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The Call to Action on Your Web Portfolio

The Call to Action on Your Web Portfolio

Thomas James | Escape from Illustration Island

In previous parts of this series, we’ve focused on how to approach the design of your website, image gallery, and About page. We’ve shown a proven record of successful projects, given them the opportunity to dig a little deeper with a blog, and even educated them on how we work. So how do you get them to take the most crucial step of all?

The Call to Action

We’re going to assume for the purpose of this post that you’ve maximized the potential of your portfolio website and instilled in your visitor at least a faint interest in contacting you. The best way to throw it all away is to leave out any means of doing so. This may sound silly, but I really have seen some Illustrators fail to have their contact info in a prominent location on their site.

It’s important to remember that up to this point the potential client has been operating in a mostly passive state, taking things in and looking for reasons that they should not contact you. Once you’ve gotten their attention you need to make it as easy as possible for them to switch to the more active state that is required to initiate contact. That is the only thing that will move you towards your goal of closing the deal.

The least you should do is make your contact information visible. This part is easy, but you can do so much more to inspire action, such as create a contact page and link to it from the other pages of your site.

The Importance of a Contact Page

It’s a wise business move to have your contact info on every page of your site, as long as you’re not being obnoxious by throwing it in front of your visitor’s face. One thing to keep in mind, however is that people are conditioned to look for a contact page, especially Art Directors who look at a lot of online portfolios every day.

Another great reason to use a contact page is to have a place to post multiple means of contacting you. If you are active on social media sites, for example, you can include links to your profiles elsewhere online. The benefit of this is that different people are more comfortable with different forms of communication. Also, a potential client may not be ready to hire you right away, but they may want to connect with you through social networking to initiate a relationship and keep you on their radar.

Here are the forms of contact that I list on my contact page:

• Phone • Email • Twitter • Facebook • LinkedIn • design:related • Biznik

If I posted all of these on every page of my site, it would have a negative effect on my overall design. The contact page, however, is made just for that purpose.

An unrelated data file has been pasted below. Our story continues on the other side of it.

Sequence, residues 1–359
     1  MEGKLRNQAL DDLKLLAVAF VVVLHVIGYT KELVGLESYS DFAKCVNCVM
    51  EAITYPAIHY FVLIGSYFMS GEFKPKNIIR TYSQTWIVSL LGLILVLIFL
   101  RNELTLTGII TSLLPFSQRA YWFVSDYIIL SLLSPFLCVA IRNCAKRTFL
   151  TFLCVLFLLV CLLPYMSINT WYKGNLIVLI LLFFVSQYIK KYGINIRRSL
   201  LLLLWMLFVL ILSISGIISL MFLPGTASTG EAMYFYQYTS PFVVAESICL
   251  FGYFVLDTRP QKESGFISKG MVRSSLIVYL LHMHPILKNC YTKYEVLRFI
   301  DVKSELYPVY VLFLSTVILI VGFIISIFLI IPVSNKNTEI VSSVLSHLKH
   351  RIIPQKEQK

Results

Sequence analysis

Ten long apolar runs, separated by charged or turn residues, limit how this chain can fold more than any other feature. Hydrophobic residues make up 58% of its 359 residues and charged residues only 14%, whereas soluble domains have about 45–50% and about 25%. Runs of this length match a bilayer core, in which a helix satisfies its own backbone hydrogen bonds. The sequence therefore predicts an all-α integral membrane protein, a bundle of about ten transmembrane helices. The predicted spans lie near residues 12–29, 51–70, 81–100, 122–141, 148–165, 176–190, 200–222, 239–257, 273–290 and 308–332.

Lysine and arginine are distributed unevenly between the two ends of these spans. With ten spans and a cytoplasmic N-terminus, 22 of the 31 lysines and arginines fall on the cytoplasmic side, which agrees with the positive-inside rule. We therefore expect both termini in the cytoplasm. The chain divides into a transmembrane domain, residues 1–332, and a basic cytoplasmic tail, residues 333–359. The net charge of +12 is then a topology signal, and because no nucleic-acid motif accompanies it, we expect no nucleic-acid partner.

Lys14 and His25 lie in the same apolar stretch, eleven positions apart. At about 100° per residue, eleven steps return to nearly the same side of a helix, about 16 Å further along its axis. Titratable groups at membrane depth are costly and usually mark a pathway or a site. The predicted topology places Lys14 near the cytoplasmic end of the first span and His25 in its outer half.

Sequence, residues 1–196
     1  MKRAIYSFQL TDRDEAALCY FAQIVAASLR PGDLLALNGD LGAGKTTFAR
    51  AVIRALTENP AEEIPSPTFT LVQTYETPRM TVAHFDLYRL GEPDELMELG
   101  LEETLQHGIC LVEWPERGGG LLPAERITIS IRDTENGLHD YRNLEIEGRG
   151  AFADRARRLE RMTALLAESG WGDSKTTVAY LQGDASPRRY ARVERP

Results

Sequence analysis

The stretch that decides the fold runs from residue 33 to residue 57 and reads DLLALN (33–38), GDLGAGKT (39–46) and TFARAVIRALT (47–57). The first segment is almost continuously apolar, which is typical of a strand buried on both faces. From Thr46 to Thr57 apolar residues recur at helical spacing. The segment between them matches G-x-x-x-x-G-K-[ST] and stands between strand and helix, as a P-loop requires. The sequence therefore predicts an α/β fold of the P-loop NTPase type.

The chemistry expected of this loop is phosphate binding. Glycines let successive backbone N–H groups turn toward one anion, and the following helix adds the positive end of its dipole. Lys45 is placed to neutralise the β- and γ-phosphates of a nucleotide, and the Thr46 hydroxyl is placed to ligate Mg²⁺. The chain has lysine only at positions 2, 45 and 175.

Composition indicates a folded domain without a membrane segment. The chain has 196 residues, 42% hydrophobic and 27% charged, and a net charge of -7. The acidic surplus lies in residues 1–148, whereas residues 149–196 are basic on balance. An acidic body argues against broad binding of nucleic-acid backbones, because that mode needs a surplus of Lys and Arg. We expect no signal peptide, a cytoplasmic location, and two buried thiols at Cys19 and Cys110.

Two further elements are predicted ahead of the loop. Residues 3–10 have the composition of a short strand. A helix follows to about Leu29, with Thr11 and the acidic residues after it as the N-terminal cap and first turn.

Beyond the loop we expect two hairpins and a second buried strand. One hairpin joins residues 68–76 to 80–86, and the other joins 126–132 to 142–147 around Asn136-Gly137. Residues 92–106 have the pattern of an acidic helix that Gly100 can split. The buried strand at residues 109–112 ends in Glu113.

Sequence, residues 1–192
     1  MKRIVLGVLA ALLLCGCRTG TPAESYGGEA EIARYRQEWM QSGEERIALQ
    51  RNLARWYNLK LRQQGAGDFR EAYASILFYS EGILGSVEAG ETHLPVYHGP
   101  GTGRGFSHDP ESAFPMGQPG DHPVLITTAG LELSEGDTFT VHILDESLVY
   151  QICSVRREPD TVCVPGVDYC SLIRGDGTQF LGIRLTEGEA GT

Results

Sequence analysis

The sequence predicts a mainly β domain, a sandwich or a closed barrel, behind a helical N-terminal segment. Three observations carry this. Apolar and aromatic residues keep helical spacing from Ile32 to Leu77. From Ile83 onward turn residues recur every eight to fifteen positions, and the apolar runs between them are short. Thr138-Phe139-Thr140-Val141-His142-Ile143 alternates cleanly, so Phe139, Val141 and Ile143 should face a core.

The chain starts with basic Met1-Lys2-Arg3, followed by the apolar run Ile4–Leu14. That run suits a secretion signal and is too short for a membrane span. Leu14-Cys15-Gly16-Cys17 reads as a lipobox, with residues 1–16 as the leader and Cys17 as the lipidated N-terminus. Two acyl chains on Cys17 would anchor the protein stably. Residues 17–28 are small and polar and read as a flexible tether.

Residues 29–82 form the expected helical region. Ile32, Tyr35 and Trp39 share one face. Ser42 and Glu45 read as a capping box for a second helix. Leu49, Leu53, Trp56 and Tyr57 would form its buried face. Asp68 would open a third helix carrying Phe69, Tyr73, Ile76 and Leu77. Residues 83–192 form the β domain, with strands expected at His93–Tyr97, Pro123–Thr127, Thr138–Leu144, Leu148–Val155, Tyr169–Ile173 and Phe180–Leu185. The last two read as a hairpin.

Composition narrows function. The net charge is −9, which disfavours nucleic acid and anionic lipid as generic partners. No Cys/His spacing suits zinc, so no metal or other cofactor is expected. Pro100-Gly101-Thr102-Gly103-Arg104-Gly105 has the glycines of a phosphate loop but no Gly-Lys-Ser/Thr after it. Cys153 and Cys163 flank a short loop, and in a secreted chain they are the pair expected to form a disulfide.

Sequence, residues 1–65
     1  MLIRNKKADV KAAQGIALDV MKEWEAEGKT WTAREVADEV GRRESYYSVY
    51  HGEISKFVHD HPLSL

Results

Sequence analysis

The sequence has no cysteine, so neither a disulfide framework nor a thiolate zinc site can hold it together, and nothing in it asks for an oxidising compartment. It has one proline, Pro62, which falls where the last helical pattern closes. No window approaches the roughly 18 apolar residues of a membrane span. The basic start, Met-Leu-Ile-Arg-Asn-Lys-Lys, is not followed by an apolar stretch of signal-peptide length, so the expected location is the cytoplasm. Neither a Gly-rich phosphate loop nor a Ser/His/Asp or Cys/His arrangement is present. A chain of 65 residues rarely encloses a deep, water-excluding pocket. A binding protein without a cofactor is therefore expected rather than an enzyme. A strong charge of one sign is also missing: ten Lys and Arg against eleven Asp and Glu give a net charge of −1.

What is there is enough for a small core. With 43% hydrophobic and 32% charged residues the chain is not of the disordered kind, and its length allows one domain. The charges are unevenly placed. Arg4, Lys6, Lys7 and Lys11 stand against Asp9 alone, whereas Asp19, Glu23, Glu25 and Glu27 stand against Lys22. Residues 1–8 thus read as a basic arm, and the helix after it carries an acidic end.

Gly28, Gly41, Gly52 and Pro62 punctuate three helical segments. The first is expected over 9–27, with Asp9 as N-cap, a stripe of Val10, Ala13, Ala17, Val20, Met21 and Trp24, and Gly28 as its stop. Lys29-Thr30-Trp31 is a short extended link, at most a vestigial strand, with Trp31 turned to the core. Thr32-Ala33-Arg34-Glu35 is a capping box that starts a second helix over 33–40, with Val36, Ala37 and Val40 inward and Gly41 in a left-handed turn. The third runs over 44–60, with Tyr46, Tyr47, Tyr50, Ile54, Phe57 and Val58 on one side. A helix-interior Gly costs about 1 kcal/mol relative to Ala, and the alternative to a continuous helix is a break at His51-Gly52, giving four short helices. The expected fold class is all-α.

The Contact Form

The absolute best thing that you can do to increase the chances of your visitor contacting you is to include a contact form on your site. People live busy lives in this day and age, and by inviting a potential client to fill out a form right then and there instead of having to login to their email account, you are making it as quick and easy as you possibly can for them to start a dialogue, which is the point of all the effort that you’ve put into your website.

Inspiring Action

There is nothing in this post that is rocket science, but by providing an easy path to initiating contact, you are increasing your chances of connecting with your visitor on a human level and potentially landing a project and building a lasting relationship with a new client. The small steps outlined here can have a big impact on the effectiveness of your site.

The Effective Portfolio Website

The goal of this 7 part series has been to help you to maximize the potential of your portfolio website. After putting so much time, energy, and hard work into your beautiful Illustrations, you deserve to show them off in a flattering light. Your website should be something that you are proud to lead people to, and that gives you the best possible opportunity to reach your target audience.

I hope that these articles have encouraged you to revisit your approach to your marketing efforts. Thank you for taking the time to read them. Please tell me what you think about this series in the comments below. It will help me in my efforts to provide useful content in the future.

This article is part 7 of the series entitled 7 Elements of an Effective Portfolio Website, which aims to encourage Illustrators to consider some crucial features when building or refining their portfolio websites.

You can find the rest of the series here.

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